Emily Scott stamps her brand across her business

25 January 2023 by

Emily Scott is putting her brand on everything, from her eponymous restaurant to her second cookery book. She talks about work, wellbeing, and meal planning for Joe Biden

Emily Scott is a fierce, gritty, determined chef and businesswoman. She has fought hard for her success and weathered many storms, through which food has always been a lifeline.

She laughs when I ask about the fashion videos that also have turned her into an Instagram influencer, sent clothes to model by independent designers.

"The videos are a bit of fun, and I'm aiming not to take myself too seriously – but fashion and putting outfits together is something I love. It's the creativity."

We talk about diversification, and how operators have had to be savvy to spread risk. Her first book (a second is on its way), food festivals and sponsored projects have all helped to top up the cash reserves in leaner times.

Times are not lean currently. Emily Scott Food on the sea wall at Watergate Bay in Cornwall is consistently full. The restaurant started as a pop-up in the former site of Jamie Oliver's Fifteen, launched in partnership with Will Ashworth, the chief executive and owner of Watergate Bay hotel. In 2021 Scott took on a three-year lease for the nearby Watchful Mary site, while Ashworth turned Fifteen into new hotel suites.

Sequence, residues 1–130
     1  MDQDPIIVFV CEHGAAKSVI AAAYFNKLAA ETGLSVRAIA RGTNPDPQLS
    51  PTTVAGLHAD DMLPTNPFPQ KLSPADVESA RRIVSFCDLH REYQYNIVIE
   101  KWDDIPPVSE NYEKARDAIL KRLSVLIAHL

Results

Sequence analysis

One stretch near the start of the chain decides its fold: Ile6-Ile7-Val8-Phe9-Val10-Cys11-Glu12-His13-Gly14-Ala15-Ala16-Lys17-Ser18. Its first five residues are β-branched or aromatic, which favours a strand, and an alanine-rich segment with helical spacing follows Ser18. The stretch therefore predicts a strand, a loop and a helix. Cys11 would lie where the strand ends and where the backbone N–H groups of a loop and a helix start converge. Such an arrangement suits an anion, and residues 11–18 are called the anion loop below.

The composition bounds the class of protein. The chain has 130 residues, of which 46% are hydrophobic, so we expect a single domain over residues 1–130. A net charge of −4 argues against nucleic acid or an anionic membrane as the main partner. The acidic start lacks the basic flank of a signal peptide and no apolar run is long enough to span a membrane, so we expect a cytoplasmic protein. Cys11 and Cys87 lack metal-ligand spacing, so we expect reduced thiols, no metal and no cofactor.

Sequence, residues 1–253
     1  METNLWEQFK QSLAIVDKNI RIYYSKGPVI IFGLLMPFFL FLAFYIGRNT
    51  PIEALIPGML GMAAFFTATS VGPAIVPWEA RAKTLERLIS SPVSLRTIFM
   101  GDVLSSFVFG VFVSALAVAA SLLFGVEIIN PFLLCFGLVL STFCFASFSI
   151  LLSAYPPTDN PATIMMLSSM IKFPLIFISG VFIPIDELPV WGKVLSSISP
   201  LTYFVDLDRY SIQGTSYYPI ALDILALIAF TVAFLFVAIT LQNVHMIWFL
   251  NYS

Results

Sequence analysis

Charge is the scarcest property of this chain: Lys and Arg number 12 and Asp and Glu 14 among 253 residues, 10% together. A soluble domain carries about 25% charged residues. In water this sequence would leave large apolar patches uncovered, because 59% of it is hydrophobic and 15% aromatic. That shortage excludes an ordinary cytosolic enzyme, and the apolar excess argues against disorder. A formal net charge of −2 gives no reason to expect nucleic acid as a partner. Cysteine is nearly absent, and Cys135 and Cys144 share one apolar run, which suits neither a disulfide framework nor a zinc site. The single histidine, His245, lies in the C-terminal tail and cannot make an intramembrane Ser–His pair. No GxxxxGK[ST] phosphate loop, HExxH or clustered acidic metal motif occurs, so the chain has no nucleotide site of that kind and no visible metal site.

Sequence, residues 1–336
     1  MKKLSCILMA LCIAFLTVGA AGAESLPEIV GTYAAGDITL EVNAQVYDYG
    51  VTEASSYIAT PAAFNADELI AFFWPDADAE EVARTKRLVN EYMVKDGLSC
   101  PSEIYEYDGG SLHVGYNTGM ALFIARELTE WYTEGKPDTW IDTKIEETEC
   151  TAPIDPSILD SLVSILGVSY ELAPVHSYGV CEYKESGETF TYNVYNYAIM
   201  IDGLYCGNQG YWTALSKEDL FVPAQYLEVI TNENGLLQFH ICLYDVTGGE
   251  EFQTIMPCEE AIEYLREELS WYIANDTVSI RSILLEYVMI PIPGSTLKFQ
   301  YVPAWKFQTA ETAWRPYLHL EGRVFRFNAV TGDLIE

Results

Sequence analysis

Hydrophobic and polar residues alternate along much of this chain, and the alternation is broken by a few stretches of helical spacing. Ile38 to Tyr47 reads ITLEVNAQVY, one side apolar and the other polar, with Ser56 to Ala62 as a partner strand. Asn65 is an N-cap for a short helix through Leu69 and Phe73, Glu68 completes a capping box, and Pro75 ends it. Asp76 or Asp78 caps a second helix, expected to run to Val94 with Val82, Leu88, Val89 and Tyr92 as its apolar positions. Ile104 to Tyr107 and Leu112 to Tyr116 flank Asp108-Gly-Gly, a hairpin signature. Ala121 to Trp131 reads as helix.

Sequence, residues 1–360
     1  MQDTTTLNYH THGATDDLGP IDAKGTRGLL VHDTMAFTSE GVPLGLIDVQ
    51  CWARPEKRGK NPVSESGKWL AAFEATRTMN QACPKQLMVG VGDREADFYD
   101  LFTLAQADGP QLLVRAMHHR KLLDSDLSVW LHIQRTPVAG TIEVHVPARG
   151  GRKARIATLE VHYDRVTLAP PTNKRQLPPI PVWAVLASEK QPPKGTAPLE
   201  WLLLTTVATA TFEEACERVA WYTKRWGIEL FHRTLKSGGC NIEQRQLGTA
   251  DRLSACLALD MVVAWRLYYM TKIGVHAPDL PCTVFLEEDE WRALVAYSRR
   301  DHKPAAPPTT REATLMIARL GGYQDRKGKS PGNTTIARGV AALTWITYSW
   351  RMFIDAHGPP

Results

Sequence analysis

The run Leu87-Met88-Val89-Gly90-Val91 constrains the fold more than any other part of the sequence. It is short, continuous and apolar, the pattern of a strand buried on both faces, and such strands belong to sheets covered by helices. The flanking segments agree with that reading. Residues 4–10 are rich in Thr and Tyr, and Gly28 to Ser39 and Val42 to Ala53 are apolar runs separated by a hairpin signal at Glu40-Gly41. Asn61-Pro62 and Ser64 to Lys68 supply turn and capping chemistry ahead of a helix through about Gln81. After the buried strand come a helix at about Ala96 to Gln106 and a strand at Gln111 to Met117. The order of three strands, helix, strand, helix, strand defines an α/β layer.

"The pop-up at Watergate Bay was successful and it was a new experience for me as I put my name to it and it suddenly became very personal. I'm involved in every decision across the business. We're all used to brands and names, but this is me. I take it very seriously and I'm going to do it as well as I can. I'm not going to just put my name on something and then just do whatever.

"It's good. I feel very humble and lucky to be in a position where I've made some big changes to the way we run in order to remain in business. It's all worked in a very positive way."

The decision to focus on a six-course tasting menu, rather than an all-encompassing offering, including sharing plates and a children's menu, has made a big difference. "We have control over waste and the ingredients we use," she says.